Secrets of the Dead
As an undergraduate at the University of California at Santa Cruz, Josh Snodgrass was a good student—but not truly engaged. Then an anthropology professor gave him an uncommon opportunity: Did he want to help identify skeletal remains for the local medical examiner?
It was a life-changing introduction to undergraduate research. In the morgue, Snodgrass put into practice what he’d been studying in class—forensic methods to determine, say, the rate at which a body is decomposing or the age of a skeleton.
This extraordinary opportunity triggered a surge of personal, emotional and intellectual growth. It motivated Snodgrass to commit to pursuing a career path as an anthropologist specializing in the study of human evolutionary biology and the application of anthropological techniques to societal issues.
Snodgrass’ new job will also be profoundly influenced by this transformative experience: As the newly appointed associate vice provost for undergraduate studies, he will design undergraduate research programs that will be directly informed by his personal knowledge and values.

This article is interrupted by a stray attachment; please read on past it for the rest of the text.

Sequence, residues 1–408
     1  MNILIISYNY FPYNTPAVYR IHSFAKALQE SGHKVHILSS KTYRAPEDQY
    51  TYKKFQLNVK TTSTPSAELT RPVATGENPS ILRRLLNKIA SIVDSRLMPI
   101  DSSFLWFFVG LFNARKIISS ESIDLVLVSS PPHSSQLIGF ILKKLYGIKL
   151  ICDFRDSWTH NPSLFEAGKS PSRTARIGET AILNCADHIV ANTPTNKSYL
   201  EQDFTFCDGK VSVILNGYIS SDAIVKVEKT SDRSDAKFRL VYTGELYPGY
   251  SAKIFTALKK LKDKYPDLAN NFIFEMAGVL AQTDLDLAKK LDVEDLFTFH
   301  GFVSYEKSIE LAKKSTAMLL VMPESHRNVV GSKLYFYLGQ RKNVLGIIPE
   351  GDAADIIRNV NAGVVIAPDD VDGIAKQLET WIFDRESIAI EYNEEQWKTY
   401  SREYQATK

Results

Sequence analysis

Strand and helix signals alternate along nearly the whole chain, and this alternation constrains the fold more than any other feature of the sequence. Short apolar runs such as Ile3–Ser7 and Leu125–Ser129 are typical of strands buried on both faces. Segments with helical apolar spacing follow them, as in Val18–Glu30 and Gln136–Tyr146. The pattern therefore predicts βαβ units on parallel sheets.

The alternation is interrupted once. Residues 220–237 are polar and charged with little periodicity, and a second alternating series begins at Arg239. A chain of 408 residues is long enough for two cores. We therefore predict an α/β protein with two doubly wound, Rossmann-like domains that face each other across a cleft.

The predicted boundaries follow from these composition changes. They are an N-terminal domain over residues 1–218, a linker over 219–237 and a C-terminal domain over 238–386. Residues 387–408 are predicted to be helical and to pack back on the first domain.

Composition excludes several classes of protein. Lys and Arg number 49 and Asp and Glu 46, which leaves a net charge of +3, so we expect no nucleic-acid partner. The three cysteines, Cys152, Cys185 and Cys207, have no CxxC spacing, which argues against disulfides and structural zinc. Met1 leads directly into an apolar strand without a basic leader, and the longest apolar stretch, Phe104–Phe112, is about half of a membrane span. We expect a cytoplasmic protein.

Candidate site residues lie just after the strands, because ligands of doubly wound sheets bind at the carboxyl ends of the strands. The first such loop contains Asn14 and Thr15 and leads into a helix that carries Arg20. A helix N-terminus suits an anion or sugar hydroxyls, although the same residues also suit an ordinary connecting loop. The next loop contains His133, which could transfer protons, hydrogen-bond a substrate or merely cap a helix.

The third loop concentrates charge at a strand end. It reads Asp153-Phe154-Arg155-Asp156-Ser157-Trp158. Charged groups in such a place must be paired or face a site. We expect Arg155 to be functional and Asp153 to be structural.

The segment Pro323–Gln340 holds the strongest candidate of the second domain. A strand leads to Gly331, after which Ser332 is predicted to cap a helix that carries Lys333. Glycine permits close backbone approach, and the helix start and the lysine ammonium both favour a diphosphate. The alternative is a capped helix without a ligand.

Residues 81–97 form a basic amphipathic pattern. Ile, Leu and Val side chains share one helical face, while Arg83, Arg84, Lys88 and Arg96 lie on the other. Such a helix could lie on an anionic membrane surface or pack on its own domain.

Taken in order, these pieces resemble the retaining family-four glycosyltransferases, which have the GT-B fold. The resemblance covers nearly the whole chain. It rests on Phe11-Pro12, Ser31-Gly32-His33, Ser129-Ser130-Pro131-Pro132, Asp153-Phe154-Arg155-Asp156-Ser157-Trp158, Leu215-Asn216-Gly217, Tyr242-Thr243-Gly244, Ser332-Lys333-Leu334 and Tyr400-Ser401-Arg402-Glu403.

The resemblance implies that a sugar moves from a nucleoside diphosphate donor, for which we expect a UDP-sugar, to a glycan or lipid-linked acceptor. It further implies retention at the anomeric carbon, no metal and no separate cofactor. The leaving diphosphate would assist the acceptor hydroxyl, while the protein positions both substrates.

“Undergraduate research changed my life,” Snodgrass said. “I want to give students the same richness of opportunity.”
By the Numbers: Undergraduate Research at the UO
27% of UO seniors have done or are currently doing research with a faculty member
82% of UO students have done a research project or paper as part of their course work
an additional 13% of seniors plan to do research with a faculty member
46% have taken at least one student research course
Source: 2015 National Survey of Student Engagement
CAS Honors Programs
More than two dozen College of Arts and Sciences departments offer an honors program with an undergraduate research thesis requirement. In these departments, completion of the senior research project confers an honors distinction with the bachelor’s degree:
Undergraduate Research Symposium
This annual event gives UO undergraduates a chance to present their own research work, much as they would at a professional research conference. Students across the full range of CAS disciplines—from geography to folklore to marine biology—share their research via posters or presentations.
The sixth annual Undergraduate Research Symposium was held in May and featured:
236 presenters and copresenters (179 presenters and 57 copresenters)
213 faculty mentors
29 corporate/institutional funders and sponsors
39 CAS majors represented
Top Five CAS majors at symposium:
Biology (38 presenters)
Environmental Science/Studies (30)
Human Physiology (26)